A Marketing Mirage at WSJ
Oct 27, 2017
Rob Pinkerton, Chief Marketing Officer
The Wall Street Journal posted a long article this week about the Morningstar Rating for Funds entitled “The Morningstar Mirage.” You can see the piece and our response. The headline suggests that our star ratings, which evaluate a fund’s past performance, are something other than what we say they are. The story then provides an analysis that 5-star funds outperform 4-star funds which outperform 3-star funds which outperform 2-star funds which beat 1-star funds—or exactly what we say they are. That’s not a mirage. Third-party subject matter experts have addressed the analysis in the article already. Here are a couple from Seeking Alpha and Bloomberg.
As a professional marketer, I appreciate how design and marketing can inspire and reveal. And I make efforts to purposefully avoid the subtle tactics used by firms to titillate and mislead what an offering can do with the aim of creating an exaggerated perception or simplifying complex material. I speak to financial services marketers all the time about how these tactics are hurtful, particularly in the financial services space where predatory lending and opaque pricing make investors susceptible to emotional manipulation or alienation from investing. The marketing campaign behind the Journal’s article offers examples of this behavior.
The Journal’s headline is overstated and uses exaggerated graphics to show our founder adorned in a crown of stars while others plummet to the floor. The Journal began bidding for the Morningstar name on Google search yesterday, which is their right to do. And they are subsequently using our brand name in their ad copy, which we do not believe is their right to do. An active promotional campaign using our brand has cascaded across social channels with a clear intent to drive traffic by using our trusted brand and reputation. My purpose in pointing this out is not to say it is right or wrong, but simply that it is happening so that you can evaluate for yourself how much of this story is news.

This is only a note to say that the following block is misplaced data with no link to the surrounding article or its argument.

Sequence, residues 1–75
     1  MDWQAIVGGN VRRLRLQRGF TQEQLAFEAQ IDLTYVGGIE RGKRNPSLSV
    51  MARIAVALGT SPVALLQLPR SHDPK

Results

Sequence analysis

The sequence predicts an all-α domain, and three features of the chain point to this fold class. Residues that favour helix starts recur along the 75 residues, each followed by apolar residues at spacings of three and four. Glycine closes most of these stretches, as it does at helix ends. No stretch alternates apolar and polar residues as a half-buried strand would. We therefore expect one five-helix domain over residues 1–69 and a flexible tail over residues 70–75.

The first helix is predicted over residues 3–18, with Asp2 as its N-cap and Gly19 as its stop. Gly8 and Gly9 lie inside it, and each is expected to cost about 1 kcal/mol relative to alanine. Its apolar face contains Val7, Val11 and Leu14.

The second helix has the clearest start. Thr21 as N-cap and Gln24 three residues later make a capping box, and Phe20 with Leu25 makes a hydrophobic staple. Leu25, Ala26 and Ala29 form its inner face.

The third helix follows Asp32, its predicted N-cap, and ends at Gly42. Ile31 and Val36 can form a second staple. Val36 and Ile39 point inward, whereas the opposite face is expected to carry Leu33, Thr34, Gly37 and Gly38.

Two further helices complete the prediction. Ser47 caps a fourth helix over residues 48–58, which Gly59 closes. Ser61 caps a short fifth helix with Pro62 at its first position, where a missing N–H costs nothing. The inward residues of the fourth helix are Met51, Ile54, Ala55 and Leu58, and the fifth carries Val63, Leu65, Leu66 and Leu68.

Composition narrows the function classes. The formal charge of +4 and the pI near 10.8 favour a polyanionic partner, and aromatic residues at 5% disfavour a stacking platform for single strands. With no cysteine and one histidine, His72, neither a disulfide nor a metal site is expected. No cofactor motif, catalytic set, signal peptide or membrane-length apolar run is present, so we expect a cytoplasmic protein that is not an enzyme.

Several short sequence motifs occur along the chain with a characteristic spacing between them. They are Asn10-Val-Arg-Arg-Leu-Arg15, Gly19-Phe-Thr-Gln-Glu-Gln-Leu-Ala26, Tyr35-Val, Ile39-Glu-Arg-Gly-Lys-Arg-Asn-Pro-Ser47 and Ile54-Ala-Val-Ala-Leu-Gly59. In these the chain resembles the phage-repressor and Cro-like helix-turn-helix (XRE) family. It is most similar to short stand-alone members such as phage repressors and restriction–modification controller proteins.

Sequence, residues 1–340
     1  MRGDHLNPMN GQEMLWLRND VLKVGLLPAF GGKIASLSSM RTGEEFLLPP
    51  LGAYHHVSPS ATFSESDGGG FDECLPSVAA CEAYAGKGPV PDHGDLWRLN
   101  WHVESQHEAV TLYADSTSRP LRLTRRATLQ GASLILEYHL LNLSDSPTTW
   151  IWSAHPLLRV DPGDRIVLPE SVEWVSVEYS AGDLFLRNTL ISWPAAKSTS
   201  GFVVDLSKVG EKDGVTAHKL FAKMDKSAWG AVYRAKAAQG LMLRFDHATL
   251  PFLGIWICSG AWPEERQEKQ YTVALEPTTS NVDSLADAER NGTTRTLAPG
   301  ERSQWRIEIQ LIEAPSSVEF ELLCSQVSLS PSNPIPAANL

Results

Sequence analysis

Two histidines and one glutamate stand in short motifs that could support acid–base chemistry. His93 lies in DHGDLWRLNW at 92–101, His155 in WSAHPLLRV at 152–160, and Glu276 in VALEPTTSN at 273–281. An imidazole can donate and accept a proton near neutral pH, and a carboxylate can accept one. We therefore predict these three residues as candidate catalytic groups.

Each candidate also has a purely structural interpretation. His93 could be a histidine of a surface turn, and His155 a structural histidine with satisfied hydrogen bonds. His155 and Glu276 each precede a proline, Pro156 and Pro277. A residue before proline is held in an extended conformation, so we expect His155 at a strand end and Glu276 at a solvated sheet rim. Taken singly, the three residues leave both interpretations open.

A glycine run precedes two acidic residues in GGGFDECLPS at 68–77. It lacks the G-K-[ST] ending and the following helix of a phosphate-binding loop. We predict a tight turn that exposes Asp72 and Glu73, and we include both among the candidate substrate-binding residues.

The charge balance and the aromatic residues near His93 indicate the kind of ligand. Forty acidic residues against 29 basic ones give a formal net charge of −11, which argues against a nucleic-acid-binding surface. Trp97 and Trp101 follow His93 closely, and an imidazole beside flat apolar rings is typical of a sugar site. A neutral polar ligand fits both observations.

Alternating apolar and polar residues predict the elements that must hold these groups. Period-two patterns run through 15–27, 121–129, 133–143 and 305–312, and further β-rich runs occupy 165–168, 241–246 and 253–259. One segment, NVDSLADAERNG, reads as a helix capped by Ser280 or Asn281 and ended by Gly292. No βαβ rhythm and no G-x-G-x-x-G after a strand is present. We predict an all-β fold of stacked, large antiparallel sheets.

Regardless of the conclusion you come to, it’s worth remembering that investing isn’t simple, and it doesn’t lend itself to the pressures of a 24-hour, 140-character news cycle. The star rating is a simple, honest design metaphor that has served investors well. And it’s just a small sampling of the information we offer. We’re committed to using design and marketing techniques to help illuminate investing.
That commitment won’t change because of one story. Our mission is bigger than that.